Many school-based groups and teams exhibited a broad range of projects and activities — here’s a small sampling: Scott Hagedorn and his students from Sabine Pass School District showed projects they’ve created with 3D printing, Arduino, and Makey-Makey, including their own novel game controller device. Hagedorn also gave a presentation about how exploration and adoption of current “Maker” technologies creates an improved educational experience in school.
“CETA” (Carnegie Engineering and Technology Association) is a club at Carnegie Vanguard High School in which students can build anything they can think of! Students learn valuable Maker skills and showed a wide variety of projects in their booth. The “Steel Stallions” from the School of Science and Technology in San Antonio drove several hours to be part of Houston Mini Maker Faire and shared their many and varied robotic devices to inspire other students to take up the STEM field of study. And HCC (Houston Community College), shown in the photo above, returned again with an even larger display of makerspace tools and science demonstrations, including an extensive collection of NASA engineering prototypes and models.
Finally, we were thrilled to have a large number of active inventors join us as exhibitors this year! Many aspects of inventing are also Making, and we showed a strong connection at Houston Mini Maker Faire. Not only did they show their inventions as inspiration to others, but they also shared insights into the full creative process involved in turning an idea into reality and then moving it forward into production. Some of these exhibitors also showed the science behind their ideas.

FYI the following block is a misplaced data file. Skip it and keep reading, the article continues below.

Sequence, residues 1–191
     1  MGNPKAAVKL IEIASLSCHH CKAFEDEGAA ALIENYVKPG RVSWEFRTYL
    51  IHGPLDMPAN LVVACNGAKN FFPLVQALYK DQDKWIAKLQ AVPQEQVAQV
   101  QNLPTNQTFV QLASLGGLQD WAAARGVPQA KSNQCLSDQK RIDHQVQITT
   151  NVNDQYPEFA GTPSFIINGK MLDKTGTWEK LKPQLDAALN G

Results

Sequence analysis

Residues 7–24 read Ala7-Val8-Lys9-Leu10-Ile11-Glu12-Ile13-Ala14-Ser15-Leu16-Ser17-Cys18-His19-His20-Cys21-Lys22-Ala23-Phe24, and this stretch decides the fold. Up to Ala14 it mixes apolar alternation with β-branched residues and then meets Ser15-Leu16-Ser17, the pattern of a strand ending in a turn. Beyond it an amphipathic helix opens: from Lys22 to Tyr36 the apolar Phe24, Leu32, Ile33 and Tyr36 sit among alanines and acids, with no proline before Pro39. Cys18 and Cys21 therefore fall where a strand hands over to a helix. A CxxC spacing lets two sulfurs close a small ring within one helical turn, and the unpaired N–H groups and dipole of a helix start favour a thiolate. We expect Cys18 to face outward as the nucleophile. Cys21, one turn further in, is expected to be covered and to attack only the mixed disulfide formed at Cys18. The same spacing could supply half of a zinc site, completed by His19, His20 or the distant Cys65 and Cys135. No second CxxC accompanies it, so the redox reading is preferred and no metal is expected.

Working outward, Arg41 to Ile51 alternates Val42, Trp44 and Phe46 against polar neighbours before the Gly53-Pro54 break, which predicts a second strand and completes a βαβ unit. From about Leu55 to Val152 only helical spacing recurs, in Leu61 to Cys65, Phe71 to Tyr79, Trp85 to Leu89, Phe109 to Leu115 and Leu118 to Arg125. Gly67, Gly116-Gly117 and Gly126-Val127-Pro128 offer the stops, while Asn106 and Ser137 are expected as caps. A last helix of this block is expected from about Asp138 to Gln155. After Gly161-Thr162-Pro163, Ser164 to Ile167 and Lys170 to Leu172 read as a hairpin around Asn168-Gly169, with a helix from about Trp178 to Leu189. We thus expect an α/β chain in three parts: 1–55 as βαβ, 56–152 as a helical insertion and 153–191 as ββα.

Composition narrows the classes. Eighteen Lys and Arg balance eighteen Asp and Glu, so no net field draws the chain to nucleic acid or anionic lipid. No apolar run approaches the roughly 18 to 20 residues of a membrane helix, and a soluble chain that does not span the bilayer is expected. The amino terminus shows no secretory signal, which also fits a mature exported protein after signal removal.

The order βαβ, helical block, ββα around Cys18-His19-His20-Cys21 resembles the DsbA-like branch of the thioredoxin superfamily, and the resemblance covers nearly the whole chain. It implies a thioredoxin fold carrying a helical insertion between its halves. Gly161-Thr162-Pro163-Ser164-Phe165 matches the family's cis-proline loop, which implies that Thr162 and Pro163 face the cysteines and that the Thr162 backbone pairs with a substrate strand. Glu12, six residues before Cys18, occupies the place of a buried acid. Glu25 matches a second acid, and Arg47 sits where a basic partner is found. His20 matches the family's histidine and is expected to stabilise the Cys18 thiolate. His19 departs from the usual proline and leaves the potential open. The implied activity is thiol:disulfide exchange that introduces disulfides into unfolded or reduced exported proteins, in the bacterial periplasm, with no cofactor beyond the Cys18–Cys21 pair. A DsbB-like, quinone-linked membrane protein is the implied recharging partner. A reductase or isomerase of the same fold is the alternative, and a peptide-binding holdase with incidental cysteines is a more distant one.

Inventors ranged from everyday folk with great ideas about how to solve problems around the house, to former NASA engineers working on new opportunities (like Joe Evans and his Spine Wizard Back Stretcher, shown above). And the Houston Inventors Association (the largest inventors group in the US) and Young Inventors Showcase were there to further inspire young and old to get involved in applying their creative inventive brainpower to developing and Making new inventions!
We hope you enjoyed this quick recap of Houston Mini Maker Faire 2015 as much as we enjoyed being there. We already can’t wait to see what amazing things Houston-area Makers bring to show and share next year!